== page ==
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Music Revew: Ethan Lipton and His Orchestra – Honker

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“You can’t always get what you want.
 But if you try sometime you might find
 You get what you need.”  — Jagger and Richards

This CD was not what I expected.  That can be taken two ways.  
I tried and discovered that Honker is not what I need.

I did agree with Ethan Lipton on two of his quotes from the press release.  “It started with me just singing, which was a bad idea by anyone’s estimation, especially my own.”  Lipton’s voice is not a velvet smooth Mel Torme or Steve Lawrence and it isn’t billed as such.  Even though I enjoy the sounds of such artists as Bob Dylan, Leon Redbone, and Randy Newman, for some reason Ethan Lipton’s voice didn’t appeal to me.

Was it not gritty enough?  Did it lack a sufficient edginess to make it more interesting?  Maybe because of my initial expectation of little or no vocals left me predisposed to a lack of acceptance of any.  To be fair to Lipton, there are published reports that he has a loyal fan base right where he wants it, in New York City.  

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“I tried to leave more room for the band in the compositions, and they rose to the challenge, filling that space with virtuosity.”  Ethan Lipton did in fact make excellent choices in selecting the members of his “orchestra”.  I particularly enjoyed the work of saxophonist, Vito Dieterle, and can only wish that Lipton had left the band even more space for their virtuosity.  None of the tracks include more than a few bars of solos by the various musicians, and one track, “Hippies” was done entirely a capella.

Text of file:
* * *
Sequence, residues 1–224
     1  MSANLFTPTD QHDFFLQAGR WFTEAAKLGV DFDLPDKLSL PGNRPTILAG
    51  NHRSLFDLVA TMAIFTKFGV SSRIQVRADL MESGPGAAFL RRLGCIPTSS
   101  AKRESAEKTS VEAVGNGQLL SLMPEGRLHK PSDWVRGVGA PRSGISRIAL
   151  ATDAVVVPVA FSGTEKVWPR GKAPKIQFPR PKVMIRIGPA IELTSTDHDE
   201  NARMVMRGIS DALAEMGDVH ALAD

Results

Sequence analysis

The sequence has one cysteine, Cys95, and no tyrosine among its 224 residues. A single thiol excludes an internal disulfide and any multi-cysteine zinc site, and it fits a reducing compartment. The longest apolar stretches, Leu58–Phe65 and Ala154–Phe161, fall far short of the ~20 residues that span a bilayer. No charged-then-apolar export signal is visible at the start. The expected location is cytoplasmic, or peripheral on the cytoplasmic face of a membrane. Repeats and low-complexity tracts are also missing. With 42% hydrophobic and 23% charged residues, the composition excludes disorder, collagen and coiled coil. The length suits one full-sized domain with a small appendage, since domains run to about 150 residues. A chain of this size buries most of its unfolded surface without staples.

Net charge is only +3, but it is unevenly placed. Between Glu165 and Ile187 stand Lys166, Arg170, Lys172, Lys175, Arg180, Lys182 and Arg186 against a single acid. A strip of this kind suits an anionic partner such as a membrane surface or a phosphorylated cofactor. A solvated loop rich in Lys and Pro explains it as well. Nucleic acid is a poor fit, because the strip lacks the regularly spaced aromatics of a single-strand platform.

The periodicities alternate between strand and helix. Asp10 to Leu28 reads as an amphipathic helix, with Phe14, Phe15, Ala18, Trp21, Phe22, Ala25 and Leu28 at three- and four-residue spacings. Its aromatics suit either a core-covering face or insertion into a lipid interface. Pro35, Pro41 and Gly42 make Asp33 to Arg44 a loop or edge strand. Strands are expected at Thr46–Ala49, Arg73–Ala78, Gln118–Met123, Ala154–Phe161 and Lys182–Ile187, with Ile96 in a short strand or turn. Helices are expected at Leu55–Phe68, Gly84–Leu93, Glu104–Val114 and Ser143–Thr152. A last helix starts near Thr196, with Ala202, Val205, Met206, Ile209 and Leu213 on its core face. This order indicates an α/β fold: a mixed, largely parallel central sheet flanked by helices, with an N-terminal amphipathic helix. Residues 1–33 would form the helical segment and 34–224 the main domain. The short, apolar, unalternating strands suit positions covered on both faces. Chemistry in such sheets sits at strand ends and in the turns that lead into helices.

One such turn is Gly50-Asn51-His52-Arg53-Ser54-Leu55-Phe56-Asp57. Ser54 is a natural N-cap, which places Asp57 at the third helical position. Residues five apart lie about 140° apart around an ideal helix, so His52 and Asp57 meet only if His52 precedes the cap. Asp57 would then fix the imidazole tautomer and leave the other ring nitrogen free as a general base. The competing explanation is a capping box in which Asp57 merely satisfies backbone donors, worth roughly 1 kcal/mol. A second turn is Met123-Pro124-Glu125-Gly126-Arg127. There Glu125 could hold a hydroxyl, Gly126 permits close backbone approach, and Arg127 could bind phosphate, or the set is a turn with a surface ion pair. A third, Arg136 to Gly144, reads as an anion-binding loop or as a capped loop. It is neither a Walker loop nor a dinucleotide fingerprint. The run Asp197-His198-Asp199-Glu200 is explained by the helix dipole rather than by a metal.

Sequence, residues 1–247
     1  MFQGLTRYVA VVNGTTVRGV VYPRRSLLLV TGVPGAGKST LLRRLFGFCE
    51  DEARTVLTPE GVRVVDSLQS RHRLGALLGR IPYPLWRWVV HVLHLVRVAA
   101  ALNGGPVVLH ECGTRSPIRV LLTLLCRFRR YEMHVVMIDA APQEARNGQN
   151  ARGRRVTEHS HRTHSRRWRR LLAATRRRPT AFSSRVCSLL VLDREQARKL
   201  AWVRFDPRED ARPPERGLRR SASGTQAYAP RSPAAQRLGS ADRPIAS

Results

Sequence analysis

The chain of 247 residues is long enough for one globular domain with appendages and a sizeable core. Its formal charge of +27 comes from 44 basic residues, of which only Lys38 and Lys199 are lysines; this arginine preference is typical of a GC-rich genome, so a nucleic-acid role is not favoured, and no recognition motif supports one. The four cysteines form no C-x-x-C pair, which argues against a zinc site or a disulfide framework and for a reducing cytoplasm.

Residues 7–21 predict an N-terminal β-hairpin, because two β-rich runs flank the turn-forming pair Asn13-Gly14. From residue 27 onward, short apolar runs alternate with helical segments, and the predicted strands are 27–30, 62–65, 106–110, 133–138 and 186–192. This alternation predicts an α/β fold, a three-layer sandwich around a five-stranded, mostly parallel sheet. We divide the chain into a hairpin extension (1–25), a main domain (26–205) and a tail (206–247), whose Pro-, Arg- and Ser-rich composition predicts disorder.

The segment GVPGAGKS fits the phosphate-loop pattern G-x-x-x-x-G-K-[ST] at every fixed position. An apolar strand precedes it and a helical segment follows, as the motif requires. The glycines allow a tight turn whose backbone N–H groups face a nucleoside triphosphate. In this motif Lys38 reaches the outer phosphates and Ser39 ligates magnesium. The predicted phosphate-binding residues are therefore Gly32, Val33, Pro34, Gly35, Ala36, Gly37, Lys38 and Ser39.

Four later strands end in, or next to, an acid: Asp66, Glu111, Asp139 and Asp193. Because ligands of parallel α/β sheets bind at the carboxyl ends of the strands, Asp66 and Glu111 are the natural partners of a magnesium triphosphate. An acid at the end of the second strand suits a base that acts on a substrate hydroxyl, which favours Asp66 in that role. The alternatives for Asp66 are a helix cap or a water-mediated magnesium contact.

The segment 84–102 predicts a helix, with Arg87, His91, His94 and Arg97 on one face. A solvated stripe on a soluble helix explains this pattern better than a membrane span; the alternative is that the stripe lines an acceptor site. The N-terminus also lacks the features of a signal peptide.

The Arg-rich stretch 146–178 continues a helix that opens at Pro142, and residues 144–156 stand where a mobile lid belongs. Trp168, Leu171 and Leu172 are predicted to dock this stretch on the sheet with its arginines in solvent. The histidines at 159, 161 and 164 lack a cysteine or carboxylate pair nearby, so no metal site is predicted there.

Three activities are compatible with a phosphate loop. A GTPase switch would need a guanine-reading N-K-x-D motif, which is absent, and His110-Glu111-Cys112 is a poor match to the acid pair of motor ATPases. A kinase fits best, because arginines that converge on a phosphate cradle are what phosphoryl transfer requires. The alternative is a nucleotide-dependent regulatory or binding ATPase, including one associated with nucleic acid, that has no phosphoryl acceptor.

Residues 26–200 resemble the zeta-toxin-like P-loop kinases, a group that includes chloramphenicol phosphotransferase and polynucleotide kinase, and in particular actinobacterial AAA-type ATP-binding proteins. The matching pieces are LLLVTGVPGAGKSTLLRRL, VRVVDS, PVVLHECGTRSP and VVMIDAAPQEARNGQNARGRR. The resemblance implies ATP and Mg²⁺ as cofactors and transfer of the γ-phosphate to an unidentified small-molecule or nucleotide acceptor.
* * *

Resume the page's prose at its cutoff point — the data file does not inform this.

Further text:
“I think sweet, grumpy little New York could use a hometown band, and if there’s anything we’re trying to become, it’s that.”  Ethan Lipton has lofty goals here and I applaud him for it. If you don’t shoot high enough, you’ll never achieve the Andy Warhol benchmark of fifteen minutes.  Success doesn’t come easy in any market and the New York entertainment scene is daunting.  The seeds of greatness are here and need to be cultivated with more music and less vocals.  Lipton’s work may be like scotch; you have to acquire a taste for it.  Maybe New Yorkers will acquire that taste and choose him as their hometown band.

Track four, “You were right + it’s OKAY” has lyrics with which I can identify.  “Most of us love you anyway, and the few of us who don’t, don’t really get cha.” Count me in with those who “don’t really get cha”.

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